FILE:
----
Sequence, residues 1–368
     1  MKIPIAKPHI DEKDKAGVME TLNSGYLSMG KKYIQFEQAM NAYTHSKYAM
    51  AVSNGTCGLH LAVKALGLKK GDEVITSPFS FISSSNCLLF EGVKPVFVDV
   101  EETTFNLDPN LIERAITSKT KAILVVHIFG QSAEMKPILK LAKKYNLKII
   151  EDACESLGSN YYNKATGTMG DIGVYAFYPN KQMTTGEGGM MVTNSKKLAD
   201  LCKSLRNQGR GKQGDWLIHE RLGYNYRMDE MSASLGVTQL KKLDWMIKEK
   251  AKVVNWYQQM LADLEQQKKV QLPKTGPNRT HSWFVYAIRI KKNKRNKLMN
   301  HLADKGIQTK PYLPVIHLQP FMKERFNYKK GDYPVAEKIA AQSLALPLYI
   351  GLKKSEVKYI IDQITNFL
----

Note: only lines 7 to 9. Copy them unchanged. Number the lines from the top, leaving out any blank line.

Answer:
   251  AKVVNWYQQM LADLEQQKKV QLPKTGPNRT HSWFVYAIRI KKNKRNKLMN
   301  HLADKGIQTK PYLPVIHLQP FMKERFNYKK GDYPVAEKIA AQSLALPLYI
   351  GLKKSEVKYI IDQITNFL